From time to time, people use privacy law as an excuse for not doing something. We call such things BOTPAs, standing for ‘Blame it On The Privacy Act’. A note on its origins is below. The term has been picked up by the media, at least in Matthew Moore’s FoI column in the SMH, on 24 August 2006 and 27 June 2007.
This page provides some information about a few of the many BOTPAs we’ve come across. In none of these cases is privacy law a genuine barrier.
If you have other good examples to contribute, please email us the details, with the subject heading “BOTPA”.
Some Examples of BOTPAs
In early 2005, the Howard Government through Immigration Minister Amanda Vanstone held a private, behind closed doors enquiry into the imprisonment of Cornelia Rau. Ms Rau’s privacy had been ignored when she was incarcerated, when she was put in solitary with continual observation of all her personal activities, when she was named to the media, and when her medical condition was published. The in camera inquiry wasn’t to proect Cornelia Rau’s privacy, but to obscure the malperformance of the Department and the detention centre contractors. See, for example, the SMH Editorial of 5 May 2007. (The attempt failed. Public opinion forced publication of the report on the Palmer Inquiry, and 12 of Immigration’s 13 most senior executives were moved on).
In mid-2005, the lack of cameras inside aircraft luggage holds was blamed on privacy laws (e.g. The Age, 14 May 2005). The claim is completely groundless.
In August 2006, Sydney’s Lord Mayor, Clover Moore, said that the NSW Privacy Act prevented her releasing to the Herald the names of restaurateurs fined for breaching health regulations. The Privacy Act can’t be used as a reason to deny an FOI application. The privacy legislation is subordinate to the FOI legislation (Privacy no excuse to hide dirt – Matthew Moore’s FoI column in the SMH, 24 August 2006). The Ombudsman got the Mayor off the hook, by determining that “there is not enough public interest in knowing the names of offenders because it would hurt their businesses” (SMH, 1 March 2007).
On 20 December 2006, ABC News reported that the Australian Taxation Office (ATO) was claiming that it couldn’t comment on the Ruling that wheat marketer AWB is permitted a $300m tax deduction for its not-quite-bribes in Iraq, because of the Privacy Act. If the report was correct, the ATO’s claim was completely false, because the Privacy Act does not apply to corporations, and it could easily make meaningful statements without mentioning any individual.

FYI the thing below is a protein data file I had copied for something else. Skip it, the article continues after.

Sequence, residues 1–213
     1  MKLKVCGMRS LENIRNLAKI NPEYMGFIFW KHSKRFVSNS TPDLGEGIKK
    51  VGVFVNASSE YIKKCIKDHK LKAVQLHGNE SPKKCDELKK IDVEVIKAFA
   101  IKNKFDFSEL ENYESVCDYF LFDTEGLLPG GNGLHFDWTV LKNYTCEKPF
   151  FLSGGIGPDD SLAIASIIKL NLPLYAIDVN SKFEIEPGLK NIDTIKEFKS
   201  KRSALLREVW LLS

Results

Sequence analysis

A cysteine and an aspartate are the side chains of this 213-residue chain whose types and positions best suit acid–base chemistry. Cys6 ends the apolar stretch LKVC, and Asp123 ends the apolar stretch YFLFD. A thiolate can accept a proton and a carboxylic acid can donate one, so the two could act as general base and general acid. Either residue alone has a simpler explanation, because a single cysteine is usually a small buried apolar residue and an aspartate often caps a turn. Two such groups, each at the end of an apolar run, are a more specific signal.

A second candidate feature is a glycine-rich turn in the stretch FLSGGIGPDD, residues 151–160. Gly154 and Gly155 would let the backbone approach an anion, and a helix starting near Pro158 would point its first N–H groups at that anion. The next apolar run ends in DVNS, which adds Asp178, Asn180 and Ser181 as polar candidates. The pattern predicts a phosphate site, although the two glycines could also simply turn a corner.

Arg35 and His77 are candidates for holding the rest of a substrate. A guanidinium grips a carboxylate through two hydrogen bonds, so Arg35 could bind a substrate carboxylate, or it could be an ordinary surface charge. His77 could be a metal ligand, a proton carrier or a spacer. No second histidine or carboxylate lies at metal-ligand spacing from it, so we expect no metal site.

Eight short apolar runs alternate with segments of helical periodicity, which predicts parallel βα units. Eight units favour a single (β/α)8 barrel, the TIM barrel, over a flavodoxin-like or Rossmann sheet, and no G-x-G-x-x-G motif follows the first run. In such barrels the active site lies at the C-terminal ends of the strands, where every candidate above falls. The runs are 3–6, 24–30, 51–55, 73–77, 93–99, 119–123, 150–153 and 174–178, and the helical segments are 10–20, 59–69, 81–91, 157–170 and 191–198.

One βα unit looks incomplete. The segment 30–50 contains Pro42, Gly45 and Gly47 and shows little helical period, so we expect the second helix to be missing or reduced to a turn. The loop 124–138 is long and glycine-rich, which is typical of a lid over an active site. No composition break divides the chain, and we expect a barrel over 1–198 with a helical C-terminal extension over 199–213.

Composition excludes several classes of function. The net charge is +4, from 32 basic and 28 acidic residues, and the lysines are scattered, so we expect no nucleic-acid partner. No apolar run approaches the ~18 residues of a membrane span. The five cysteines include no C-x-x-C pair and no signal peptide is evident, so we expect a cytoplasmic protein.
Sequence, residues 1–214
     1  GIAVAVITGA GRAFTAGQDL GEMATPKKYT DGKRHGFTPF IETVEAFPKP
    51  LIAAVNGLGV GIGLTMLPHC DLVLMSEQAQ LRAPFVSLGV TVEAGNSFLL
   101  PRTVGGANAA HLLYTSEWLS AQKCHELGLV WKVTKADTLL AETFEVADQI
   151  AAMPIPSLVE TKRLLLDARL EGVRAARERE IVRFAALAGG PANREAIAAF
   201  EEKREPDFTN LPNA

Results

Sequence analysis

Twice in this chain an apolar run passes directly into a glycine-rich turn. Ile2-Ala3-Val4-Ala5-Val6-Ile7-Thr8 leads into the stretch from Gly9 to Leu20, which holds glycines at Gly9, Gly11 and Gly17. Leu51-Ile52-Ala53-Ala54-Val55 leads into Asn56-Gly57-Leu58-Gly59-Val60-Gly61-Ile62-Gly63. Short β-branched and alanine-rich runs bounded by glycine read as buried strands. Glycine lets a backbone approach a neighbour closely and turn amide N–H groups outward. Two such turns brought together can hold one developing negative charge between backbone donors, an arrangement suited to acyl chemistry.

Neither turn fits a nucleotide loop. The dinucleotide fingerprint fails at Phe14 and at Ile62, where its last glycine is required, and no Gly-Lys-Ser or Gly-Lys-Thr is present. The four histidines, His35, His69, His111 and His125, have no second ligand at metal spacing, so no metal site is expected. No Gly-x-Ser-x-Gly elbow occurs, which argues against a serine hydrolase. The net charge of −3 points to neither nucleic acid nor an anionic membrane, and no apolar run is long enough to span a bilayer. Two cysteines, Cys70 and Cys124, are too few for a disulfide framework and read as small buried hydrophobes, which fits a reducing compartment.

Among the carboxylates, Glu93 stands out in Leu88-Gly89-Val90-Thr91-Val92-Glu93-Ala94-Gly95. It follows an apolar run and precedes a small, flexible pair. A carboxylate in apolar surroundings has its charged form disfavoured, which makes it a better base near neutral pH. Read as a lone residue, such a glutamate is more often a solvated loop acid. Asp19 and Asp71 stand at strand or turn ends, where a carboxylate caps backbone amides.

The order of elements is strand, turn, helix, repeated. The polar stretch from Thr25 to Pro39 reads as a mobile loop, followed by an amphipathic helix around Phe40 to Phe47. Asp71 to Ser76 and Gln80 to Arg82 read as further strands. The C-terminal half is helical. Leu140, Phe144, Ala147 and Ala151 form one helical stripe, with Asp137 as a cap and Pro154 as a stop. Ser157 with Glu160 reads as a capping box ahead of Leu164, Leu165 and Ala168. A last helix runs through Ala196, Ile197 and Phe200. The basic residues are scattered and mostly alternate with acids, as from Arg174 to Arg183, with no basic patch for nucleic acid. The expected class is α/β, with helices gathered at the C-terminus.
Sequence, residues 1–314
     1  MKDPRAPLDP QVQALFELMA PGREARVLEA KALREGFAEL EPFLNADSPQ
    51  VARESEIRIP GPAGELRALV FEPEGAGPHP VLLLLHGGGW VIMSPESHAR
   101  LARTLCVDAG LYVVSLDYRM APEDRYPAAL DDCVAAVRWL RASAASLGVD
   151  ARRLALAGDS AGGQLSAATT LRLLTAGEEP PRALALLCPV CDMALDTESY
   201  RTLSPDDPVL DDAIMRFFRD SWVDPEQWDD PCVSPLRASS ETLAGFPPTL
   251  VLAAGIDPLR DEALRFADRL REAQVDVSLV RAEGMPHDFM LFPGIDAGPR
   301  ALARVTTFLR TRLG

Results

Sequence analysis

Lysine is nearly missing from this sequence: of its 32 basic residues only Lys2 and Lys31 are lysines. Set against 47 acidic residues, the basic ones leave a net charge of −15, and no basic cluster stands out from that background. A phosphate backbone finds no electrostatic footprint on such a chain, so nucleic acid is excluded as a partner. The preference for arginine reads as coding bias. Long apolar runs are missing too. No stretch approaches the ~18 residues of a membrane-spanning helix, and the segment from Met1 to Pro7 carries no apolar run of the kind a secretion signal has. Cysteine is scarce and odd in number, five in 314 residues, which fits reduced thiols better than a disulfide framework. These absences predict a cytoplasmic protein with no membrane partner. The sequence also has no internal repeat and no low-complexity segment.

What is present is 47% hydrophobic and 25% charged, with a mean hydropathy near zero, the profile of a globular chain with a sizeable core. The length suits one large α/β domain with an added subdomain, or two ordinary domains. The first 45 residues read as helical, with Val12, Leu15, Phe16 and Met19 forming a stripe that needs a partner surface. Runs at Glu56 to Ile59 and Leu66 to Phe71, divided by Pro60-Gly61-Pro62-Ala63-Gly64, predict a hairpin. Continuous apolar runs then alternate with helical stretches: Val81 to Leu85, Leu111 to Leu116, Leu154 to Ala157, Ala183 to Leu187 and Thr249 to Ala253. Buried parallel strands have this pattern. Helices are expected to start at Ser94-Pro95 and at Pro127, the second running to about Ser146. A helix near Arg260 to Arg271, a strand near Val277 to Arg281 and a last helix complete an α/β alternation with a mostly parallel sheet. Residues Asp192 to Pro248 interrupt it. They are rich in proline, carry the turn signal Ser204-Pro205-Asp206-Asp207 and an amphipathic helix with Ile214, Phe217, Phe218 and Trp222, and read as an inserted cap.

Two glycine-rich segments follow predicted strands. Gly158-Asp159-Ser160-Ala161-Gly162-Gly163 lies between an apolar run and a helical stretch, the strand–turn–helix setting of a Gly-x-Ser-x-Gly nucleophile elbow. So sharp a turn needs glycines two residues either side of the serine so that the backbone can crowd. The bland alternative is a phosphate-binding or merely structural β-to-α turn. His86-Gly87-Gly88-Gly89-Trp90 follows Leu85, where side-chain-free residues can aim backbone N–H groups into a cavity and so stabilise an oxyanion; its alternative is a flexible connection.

The report on the Sea King helicopter disaster in 2005 named ten Defence Force personell who were held responsible for Australia’s worst military disaster in a decade. But Defence Chief, Air Chief Marshal Angus Houston pretended that the Privacy Act prevented publication of information about their roles in the disaster, the charges laid, and the outcomes of the charges (SMH, 27 June 2007). The accused have very real privacy concerns, because publication of such things as their addresses, information about their medical history, or the names of their children and the schools they attend, would be a serious breach of privacy and create the risk of physical threat. On the other hand, there’s a very real public interest in (and, in the the case of the bereaved, a real need for) publication of relevant information. Moreover, there is a long history of publication of the names of people facing criminal charges in both the civil and military jurisdictions.
Some conference organisers claim that they can’t make lists of delegates available, ‘because of the Privacy Act’ – at considerable cost to social networking. Professional conference organisers have a tickable box on the registration form.
Some universities have claimed that ‘privacy legislation prevents university staff from communicating with students except via each student’s university-issued email account’. It’s true that a teacher must not disclose personal data in an email reply unless they have reasonable grounds for believing that the message will be seen only by the student concerned; but that’s a far cry from a blanket prohibition, and sweeping statementsabout privacy law like that are simply wrong.